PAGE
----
Why you need to write tight for corporate audiences

by Jack Willard

Please welcome business consultant Jack Willard from Pittsburgh, Pennsylvania who shows us how to get complex messages over to corporate audiences – in two minutes. (And Jack hastens to add that by ‘write tight’ he does not mean ‘drunk!’)

How do you prepare a two minute presentation about a two-year corporate problem?

Realize first that there may be a primary audience but there is no such thing as a stand-alone audience.

The primary audience might be the executive suite but there are assistants, subordinates, end-users, competitors, attorneys, marketers, consultants and more, all of whom could have an interest in your output.

First, learn the background

For example, assume that you are putting together a presentation about a plan to reduce a company’s inventory of unsold transferee homes. The primary audience consists of the heads of Human Resources, Finance, and Operations of the company’s various divisions, plus the external relocation management consultant.

The issue at hand is a “down” real estate market, causing growth in “carrying” charges which the company must pay on each property until it is sold. The company wants to stop the bleeding and the consultant has come up with numerous incentives (a new carpet on every floor, a new car in every garage, etc., plus price cuts) to make these houses more attractive to potential buyers of the transferred executives’ up-scale properties.

Then learn the key surrounding issues

Your research shows that all of these tactics have been tried before, with varying degrees of success and, surprise, the market knows that transferee properties make great comparisons (“…look at this house down the street, just as nice, for $50,000 less,”) – because companies do not call real estate agents daily to find out why their homes have not been sold.

In the process, you compile a great deal of information but your primary audience wants the two-minute version.

Pouring a quart into a pint pot

How do you prepare a two minute presentation for a two-year problem? You write.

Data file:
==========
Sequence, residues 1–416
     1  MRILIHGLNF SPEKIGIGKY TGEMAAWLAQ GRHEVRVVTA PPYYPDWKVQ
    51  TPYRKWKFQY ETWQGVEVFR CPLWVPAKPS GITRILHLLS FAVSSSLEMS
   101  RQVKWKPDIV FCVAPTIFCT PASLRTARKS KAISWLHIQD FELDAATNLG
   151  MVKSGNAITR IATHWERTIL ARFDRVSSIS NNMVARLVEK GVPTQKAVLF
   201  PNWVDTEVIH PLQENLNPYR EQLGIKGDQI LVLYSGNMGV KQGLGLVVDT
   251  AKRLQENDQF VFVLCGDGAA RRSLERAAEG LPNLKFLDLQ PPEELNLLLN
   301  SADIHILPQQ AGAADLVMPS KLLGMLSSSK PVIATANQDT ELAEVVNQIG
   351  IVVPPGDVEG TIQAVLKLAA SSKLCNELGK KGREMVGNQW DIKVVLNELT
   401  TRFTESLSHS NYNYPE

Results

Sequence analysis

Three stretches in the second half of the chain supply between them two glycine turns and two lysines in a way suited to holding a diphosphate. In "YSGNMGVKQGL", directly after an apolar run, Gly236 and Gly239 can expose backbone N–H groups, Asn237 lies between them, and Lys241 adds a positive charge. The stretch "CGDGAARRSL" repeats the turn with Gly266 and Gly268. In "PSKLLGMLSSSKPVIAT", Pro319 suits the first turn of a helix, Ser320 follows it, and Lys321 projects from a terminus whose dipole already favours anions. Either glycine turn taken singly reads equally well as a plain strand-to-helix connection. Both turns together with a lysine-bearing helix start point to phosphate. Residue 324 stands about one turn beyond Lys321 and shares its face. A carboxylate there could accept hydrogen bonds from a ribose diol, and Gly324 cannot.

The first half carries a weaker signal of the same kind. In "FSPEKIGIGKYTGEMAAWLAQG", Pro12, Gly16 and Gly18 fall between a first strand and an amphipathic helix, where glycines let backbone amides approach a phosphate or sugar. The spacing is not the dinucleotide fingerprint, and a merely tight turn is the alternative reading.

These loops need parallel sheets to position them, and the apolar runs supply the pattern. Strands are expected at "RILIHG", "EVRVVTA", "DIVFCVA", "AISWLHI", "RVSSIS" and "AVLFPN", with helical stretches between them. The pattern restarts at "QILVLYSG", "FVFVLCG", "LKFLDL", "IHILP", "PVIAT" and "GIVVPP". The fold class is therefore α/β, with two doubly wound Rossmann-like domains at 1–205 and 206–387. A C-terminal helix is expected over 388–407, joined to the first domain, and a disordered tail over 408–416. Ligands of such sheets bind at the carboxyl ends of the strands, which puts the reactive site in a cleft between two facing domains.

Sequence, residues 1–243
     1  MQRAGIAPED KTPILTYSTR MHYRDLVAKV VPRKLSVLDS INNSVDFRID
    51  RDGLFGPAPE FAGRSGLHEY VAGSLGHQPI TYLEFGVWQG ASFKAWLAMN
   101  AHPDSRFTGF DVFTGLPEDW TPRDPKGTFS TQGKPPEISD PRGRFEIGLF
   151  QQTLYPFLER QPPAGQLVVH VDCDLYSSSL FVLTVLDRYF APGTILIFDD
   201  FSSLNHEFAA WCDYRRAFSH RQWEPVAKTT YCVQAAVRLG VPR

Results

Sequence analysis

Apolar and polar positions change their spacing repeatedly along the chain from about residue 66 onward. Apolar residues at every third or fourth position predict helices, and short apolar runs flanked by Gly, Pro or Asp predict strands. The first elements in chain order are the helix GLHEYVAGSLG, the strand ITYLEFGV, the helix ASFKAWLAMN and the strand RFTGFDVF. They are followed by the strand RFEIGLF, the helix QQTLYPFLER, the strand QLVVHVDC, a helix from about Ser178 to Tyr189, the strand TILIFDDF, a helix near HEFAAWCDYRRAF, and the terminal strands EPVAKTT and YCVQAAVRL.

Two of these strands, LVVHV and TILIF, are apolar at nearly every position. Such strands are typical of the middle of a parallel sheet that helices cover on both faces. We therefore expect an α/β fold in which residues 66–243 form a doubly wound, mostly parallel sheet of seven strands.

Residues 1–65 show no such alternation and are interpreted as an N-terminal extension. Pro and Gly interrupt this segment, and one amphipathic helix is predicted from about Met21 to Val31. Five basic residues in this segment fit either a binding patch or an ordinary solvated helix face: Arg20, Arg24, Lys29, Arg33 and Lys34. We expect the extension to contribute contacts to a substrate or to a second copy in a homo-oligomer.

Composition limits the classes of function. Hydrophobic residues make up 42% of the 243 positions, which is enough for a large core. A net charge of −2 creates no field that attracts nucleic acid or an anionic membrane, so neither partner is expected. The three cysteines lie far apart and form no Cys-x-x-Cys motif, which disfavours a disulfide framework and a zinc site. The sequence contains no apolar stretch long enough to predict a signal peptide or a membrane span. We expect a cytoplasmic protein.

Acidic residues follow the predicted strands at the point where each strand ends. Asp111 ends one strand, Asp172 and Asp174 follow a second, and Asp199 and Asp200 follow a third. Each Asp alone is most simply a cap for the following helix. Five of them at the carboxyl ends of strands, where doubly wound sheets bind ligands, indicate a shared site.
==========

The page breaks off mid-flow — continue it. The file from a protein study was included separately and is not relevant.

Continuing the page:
You might find that an outline is of value here or you might prefer to write in stream-of-consciousness format; the point is that you get it all on paper and pare down from there.

You might end up with ten pages of material:
  • Enough to advise field operatives of what to do (in this case, monitor real estate agents’ activities);
  • Five pages of material for managers to use (along with operatives’ material) to implement the solution;
  • And two pages of executive summary describing the problem (properties are not selling because of market stresses) and the resulting cost ($X per year);
    • The options un-covered (including consultants’ recommendations) and the resulting cost;
    • And the recommendation(s), also including costs.
    • Within that executive summary, include references to managers’ and operatives materials, in the form of cross-references to the applicable pages.
From there, build your slides  

For your presentation, begin with the assumption that you will be interrupted early on – as early as your second sentence, with a question:  “What is the cost?”

You will have the total cost and perhaps one or two line items in the executive summary but the “numbers behind the numbers” will be captured in the managers’ and operatives’ documents.

Of course, you will have captured all of these numbers on “back-up” slides, so that when the question pops up as you explain the E-1 (executive) slide, you can flip to the M-3 (manager) slide or to O-2 (operative) slide as necessary.

Remember the other members of your target audience – Human Resources, Finance, Operations, the external consultant, etc.  They also will have questions that require manager-level or operative-level responses and you will be prepared for those as well.

You might be pleasantly surprised to have no interruptions at all during your presentation (about a one-in-a-million shot, but it happens). That does not mean that you have blown your primary audience away and made instant experts of them; they might be too hurried to want to spend the time on your output.

Whether they grill you or tune out, you can bet that your output will be taken back to their subordinates for further review and, when they call asking questions, you already will have the answers in your back pocket – because you already have written down all of your findings.

They’ll appreciate it.

© John G. Willard 2020 – all rights reserved

Jack Willard is an independent consultant addressing management, marketing, benefits and communications issues. Broad client base includes third-party administrators, health insurers, manufacturers and systems organizations. He is listed in recent/current editions of Who’s Who in Finance and Industry, Who’s Who in the East, Who’s Who of Emerging Leaders in America, Who’s Who in America and Who’s Who in the World. Most recent: Lifetime Achievement Award Who’s Who in America. 

Image of Chicago by David Mark from Pixabay

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